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How does government spending stimulate consumption?

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  • Murphy, Daniel P.

Abstract

Recent empirical work finds that government spending shocks cause aggregate consumption to increase over the business cycle, contrary to the predictions of Neoclassical and New Keynesian models. This paper proposes a mechanism to account for the consumption increase that builds on the framework of imperfect information in Lucas (1972) and Lorenzoni (2009). In my model, owners of firms targeted by an increase in government spending perceive an increase in their permanent income relative to their future tax liabilities. Owners of firms not targeted remain unaware of the implicit increase in future tax liabilities, causing aggregate consumption to increase. A testable implication of the proposed model is that the value of firms should increase, implying all else equal an increase in aggregate stock returns. This prediction of the model is shown to be consistent with empirical evidence.

Suggested Citation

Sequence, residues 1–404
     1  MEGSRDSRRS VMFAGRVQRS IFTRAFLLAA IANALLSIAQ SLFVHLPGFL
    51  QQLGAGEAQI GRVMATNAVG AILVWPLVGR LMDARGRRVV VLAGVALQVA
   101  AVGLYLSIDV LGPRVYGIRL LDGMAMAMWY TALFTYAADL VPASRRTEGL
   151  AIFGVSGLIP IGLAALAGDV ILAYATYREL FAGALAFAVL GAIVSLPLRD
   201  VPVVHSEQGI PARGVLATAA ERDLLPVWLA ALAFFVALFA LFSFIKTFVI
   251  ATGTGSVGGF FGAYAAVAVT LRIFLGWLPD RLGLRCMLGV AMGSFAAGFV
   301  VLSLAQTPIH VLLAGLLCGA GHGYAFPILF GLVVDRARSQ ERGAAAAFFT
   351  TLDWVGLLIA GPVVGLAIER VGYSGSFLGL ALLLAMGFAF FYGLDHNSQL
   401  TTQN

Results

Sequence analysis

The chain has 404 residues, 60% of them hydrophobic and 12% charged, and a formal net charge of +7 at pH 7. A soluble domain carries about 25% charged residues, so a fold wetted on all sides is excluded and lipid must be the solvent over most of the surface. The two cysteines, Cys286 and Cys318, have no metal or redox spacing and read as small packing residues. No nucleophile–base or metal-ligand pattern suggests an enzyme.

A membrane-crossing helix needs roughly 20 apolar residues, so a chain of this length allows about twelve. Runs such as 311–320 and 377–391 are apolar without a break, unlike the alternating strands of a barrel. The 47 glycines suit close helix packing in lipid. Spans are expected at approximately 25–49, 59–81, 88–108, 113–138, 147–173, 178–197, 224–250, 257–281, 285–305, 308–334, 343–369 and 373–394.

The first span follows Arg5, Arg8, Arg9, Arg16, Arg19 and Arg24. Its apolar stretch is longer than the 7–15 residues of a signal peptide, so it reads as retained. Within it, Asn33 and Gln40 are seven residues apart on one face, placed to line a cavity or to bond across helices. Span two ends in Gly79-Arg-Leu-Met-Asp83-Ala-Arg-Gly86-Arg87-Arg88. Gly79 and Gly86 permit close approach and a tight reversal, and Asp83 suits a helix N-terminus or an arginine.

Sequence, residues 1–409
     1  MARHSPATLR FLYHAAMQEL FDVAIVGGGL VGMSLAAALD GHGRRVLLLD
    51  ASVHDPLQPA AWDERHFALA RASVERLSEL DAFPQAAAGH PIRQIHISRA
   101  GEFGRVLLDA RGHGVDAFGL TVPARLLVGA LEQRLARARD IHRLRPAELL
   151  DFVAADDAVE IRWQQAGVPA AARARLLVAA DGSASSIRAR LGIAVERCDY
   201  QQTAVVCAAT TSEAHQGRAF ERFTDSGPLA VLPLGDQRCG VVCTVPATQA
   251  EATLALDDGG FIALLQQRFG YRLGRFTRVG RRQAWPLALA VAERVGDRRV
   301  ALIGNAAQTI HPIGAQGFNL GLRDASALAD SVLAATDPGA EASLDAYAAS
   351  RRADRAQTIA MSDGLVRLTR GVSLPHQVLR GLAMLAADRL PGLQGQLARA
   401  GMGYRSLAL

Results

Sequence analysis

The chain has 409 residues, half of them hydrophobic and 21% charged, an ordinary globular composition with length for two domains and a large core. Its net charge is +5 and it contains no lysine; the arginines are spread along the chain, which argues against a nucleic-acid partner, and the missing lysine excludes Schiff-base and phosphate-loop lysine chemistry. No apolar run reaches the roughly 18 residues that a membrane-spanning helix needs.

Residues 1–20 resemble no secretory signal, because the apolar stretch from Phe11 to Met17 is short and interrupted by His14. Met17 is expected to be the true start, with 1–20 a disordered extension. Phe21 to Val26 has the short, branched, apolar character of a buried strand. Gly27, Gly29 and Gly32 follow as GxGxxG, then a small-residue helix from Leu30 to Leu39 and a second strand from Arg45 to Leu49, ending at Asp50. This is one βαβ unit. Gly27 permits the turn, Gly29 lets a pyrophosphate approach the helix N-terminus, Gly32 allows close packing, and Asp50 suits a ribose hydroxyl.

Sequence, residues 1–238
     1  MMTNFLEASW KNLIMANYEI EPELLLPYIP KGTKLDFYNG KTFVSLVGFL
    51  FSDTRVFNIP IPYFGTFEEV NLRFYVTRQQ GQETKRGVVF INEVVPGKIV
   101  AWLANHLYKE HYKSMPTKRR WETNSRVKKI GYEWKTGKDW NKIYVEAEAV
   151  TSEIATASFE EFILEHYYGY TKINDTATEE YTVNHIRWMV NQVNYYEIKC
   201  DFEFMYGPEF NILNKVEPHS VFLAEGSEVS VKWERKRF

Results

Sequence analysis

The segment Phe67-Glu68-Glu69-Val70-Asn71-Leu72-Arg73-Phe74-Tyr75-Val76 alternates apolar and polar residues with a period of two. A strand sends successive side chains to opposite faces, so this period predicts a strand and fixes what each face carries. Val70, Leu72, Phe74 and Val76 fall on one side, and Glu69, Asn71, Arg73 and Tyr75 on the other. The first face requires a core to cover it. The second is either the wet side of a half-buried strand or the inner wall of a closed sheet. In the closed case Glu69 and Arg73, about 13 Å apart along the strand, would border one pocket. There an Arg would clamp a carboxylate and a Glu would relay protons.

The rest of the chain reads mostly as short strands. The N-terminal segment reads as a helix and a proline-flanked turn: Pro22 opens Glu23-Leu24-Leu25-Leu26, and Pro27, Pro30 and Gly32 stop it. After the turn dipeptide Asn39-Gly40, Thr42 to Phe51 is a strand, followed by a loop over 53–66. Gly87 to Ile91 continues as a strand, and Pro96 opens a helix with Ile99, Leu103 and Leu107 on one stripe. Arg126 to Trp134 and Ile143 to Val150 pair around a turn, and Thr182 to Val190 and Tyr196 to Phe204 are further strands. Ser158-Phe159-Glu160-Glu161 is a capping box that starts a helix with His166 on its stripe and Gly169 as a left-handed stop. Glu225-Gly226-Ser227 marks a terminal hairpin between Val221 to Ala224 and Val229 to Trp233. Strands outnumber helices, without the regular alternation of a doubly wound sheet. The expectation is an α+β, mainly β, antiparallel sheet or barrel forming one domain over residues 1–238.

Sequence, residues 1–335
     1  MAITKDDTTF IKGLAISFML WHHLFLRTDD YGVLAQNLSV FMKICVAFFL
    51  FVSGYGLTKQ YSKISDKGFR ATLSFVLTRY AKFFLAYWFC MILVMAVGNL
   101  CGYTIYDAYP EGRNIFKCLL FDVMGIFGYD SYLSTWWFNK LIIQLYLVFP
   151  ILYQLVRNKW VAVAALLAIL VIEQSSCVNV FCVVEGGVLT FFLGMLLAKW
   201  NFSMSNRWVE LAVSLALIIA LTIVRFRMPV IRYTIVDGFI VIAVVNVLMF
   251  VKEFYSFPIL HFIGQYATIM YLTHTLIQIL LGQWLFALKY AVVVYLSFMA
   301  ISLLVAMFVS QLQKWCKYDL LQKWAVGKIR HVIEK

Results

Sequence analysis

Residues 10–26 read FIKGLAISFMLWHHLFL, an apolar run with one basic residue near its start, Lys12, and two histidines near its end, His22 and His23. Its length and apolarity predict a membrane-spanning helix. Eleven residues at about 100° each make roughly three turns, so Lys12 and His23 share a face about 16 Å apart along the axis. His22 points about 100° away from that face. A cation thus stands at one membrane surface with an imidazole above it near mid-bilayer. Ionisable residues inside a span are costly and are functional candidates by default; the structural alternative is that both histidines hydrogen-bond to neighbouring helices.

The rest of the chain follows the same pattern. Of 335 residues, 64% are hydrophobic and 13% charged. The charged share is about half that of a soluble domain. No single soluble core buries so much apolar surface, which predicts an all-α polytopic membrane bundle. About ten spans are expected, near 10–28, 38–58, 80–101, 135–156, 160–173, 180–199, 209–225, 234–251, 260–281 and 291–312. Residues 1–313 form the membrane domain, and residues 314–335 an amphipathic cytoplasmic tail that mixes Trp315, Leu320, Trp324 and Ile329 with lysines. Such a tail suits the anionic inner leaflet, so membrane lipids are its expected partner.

• Murphy, Daniel P., 2013. "How does government spending stimulate consumption?," Globalization and Monetary Policy Institute Working Paper 157, Federal Reserve Bank of Dallas.
  • Handle: RePEc:fip:feddgw:157
    Note: Published as: Murphy, Daniel P. (2015), "How Does Government Spending Stimulate Consumption?" Review of Economic Dynamics 18 (3): 551-574.
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    File URL: http://www.dallasfed.org/assets/documents/institute/wpapers/2013/0157.pdf
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    References listed on IDEAS

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    Cited by:

    1. Khalid Khan & Chen FEI & Muhammad Abdul Kamal & Badar Nadeem Ashraf, 2015. "Impact of Government Spending on Private Consumption Using ARDL Approach," Asian Economic and Financial Review, Asian Economic and Social Society, vol. 5(2), pages 239-248, February.
    2. Ricco, Giovanni, 2015. "A new identification of fiscal shocks based on the information flow," Working Paper Series 1813, European Central Bank.

    More about this item

    JEL classification:

    • E21 - Macroeconomics and Monetary Economics - - Consumption, Saving, Production, Employment, and Investment - - - Consumption; Saving; Wealth
    • E61 - Macroeconomics and Monetary Economics - - Macroeconomic Policy, Macroeconomic Aspects of Public Finance, and General Outlook - - - Policy Objectives; Policy Designs and Consistency; Policy Coordination

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